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The Federal Election Commission apparently ignored evidence that the 2016 presidential debates violated campaign finance law, because the debates were unfairly rigged to include only the major party nominees, a federal judge suggested.
Judge Tanya Chutkan of the U.S. District Court for the District of Columbia repeatedly challenged FEC attorney Robert Bonham during an hour-long court hearing on Jan. 5. Chutkan asked Bonham why the FEC didn’t fully explain its reasons for dismissing an enforcement case against the Presidential debate sponsor, the private nonprofit Commission on Presidential Debates (CPD).
The CPD raises millions of dollars in corporate funding to produce the debates—funding which would be illegal if contributed to specific candidates.
A nonprofit called Level the Playing Field has challenged the FEC’s debate rules and filed an administrative enforcement complaint against the CPD, challenging the FEC’s dismissal of that complaint it court. The group’s attorney, Alexandra Shapiro, told Chutkan during the court hearing that Level the Playing Field amassed compelling evidence that the current debate rules deprive independent and third-party candidates from having any chance to compete seriously for the presidency, but the FEC refused to consider the evidence.
Shapiro of the law firm Shapiro Arato in New York pointed to academic studies indicating a candidate seeking to achieve 15 percent voter support in national polls—the level needed for the 2016 debates— must first obtain national name recognition in the range of 60 percent to 80 percent. This requires costly campaign advertising, she said, but independent and minor party candidates are subject to a “Catch-22" because they can’t raise large amounts of campaign money unless they have a chance to be included in the debates and thus have a shot at winning the presidential race.
FEC attorney Bonham responded to the judge’s questions during the court hearing by saying that previous FEC precedents and court decisions have established that the CPD has been operating legally as it has sponsored debates over the last two decades. He said that FEC decisions in such matters are “entitled to deference” by the courts.
But Chutakn appeared dissatisfied with the FEC lawyer’s answers, asking why “the FEC chose to ignore the very substantial record” that the debate sponsors want to help only the major party nominees.
The CPD, which has sponsored every general-election presidential debate since 1988, is co-chaired by former Republican National Committee Chairman Frank Fahrenkopf and former League of Women Voters President Dorothy Riding and has a board that includes several former major party politicians and staffers.
The commission’s rules for the 2016 presidential debates limited participation to candidates with at least 15 percent support in public opinion polls. Only Republican nominee Donald Trump and Democratic nominee Hillary Clinton qualified and participated in the three national debates held before the Nov. 8 presidential election.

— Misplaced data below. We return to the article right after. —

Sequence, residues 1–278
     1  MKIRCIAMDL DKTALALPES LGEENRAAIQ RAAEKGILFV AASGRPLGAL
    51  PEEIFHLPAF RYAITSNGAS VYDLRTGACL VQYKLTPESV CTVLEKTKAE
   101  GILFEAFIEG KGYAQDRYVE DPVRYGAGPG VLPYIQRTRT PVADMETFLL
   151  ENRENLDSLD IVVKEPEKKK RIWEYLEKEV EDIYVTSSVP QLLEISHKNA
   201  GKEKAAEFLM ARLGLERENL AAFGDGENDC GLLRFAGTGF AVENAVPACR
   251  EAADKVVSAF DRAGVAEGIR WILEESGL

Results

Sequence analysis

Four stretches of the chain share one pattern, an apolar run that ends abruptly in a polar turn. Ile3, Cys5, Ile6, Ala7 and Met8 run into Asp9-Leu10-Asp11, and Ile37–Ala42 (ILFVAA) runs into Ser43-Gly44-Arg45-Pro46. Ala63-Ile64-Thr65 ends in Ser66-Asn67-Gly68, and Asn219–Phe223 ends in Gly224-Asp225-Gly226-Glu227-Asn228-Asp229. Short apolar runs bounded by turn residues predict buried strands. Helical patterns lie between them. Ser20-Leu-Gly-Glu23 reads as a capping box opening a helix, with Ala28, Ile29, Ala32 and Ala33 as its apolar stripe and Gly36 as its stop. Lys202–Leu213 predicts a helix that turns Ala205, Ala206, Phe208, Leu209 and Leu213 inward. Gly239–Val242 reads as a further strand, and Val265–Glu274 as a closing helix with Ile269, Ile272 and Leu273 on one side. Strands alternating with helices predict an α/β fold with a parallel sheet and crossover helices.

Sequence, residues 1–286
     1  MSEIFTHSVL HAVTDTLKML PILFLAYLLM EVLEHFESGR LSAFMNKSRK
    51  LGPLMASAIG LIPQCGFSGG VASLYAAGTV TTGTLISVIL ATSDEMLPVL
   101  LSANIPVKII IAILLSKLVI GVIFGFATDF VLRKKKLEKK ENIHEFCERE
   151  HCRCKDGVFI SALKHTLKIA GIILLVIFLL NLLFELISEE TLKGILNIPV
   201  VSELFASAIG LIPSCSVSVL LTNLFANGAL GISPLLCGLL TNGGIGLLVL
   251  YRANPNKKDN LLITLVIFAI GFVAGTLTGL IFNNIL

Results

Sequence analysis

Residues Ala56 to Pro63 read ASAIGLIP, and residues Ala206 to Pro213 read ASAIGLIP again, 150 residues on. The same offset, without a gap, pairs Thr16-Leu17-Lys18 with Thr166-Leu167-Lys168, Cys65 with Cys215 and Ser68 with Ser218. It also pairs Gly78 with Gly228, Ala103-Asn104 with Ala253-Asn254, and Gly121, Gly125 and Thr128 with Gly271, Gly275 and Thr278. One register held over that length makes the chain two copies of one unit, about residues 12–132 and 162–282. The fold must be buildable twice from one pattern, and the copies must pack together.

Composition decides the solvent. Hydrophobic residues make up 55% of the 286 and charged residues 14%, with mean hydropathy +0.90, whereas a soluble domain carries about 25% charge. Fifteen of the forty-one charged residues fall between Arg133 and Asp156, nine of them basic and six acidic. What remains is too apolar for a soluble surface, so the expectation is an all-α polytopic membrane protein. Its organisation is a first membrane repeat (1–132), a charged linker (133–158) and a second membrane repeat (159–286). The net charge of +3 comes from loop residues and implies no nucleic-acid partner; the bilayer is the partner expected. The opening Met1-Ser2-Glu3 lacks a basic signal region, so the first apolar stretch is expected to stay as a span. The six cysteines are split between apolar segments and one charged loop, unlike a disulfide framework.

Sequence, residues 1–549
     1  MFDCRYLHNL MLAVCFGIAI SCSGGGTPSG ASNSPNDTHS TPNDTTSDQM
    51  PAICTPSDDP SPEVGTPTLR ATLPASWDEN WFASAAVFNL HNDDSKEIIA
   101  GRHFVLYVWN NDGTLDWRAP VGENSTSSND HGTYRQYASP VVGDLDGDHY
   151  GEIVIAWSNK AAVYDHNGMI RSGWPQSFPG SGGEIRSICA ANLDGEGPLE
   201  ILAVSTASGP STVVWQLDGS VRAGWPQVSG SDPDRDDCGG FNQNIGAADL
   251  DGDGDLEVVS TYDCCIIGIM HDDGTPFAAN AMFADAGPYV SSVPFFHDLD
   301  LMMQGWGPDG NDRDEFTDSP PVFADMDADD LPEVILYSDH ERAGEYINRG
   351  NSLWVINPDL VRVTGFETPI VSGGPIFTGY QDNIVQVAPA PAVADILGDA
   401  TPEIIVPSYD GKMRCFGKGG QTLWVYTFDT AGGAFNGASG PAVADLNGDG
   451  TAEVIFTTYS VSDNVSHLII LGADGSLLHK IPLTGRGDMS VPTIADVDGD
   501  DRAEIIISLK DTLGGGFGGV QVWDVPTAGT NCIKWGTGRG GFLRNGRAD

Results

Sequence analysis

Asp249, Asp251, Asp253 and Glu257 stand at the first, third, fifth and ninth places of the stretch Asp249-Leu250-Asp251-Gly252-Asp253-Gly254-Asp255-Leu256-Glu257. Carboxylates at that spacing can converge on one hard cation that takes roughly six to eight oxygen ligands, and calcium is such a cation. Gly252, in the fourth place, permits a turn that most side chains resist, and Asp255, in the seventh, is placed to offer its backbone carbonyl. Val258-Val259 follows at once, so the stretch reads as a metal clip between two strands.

The FEC determined in 2015 that the CPD’s debate criteria did not violate campaign finance law. The unanimous ruling was backed by all six FEC commissioners, three recommended by Democrats and three Republicans. The FEC dismissed the enforcement case filed by Level the Playing Field, which charged the current debate system was rigged to allow only the Democratic and Republican nominees to participate.
The commissioners followed the recommendation of staff attorneys in the FEC general counsel’s office. The counsel’s report said the latest complaint made “the same allegations regarding the same candidate selection criteria” as previous enforcement cases dismissed by the FEC.
Despite voting to dismiss the case, two commissioners said the FEC should consider changing its rules to provide for greater debate participation. FEC Democrats Ann Ravel and Ellen Weintraub noted in a joint statement that the current FEC rules forbid debate sponsors from using nomination by a major party as the sole criterion to determine who may participate. However, Ravel and Weintraub said, “the criteria established by CPD seem to have accomplished the same result by different means.”
Ravel and Weintraub supported the FEC rulemaking petition filed by Level the Playing Field, which called for changes in the current debate rules. The petition was rejected in a 4-2 vote by the commission shortly before dismissal of the enforcement case against the presidential debates commission was announced in August 2015.
“At a time when an increasing number of Americans identify as independents, we should not be satisfied with regulations that may be preventing their points of view from being represented in public debate,” Ravel and Weintraub said in a statement issued at the time. “At a minimum, we ought to engage with the public on this issue. It has been over twenty years since the Commission has taken a serious look at its rules on candidate debates. Such a re-examination is long overdue.”Shortly after the FEC voted on the rulemaking petition and CPD enforcement case, Level the Playing Field filed its lawsuit challenging the FEC actions. The suit also was joined by the Green Party and the Libertarian Party, which complained their candidates—Green Party nominee Jill Stein and Libertarian Gary Johnson—were unfairly excluded from the 2016 debates. When the votes were counted after Nov. 8, Johnson got just more than 3 percent of the national total, while Stein got 1 percent. Clinton came out on top of the national vote total by 48 percent to 46 percent for Trump, but Trump won the Electoral College vote to become president-elect.
To contact the reporter on this story: Kenneth P. Doyle in Washington at email@example.com
To contact the editor responsible for this story: Paul Hendrie at pHendrie@bna.com
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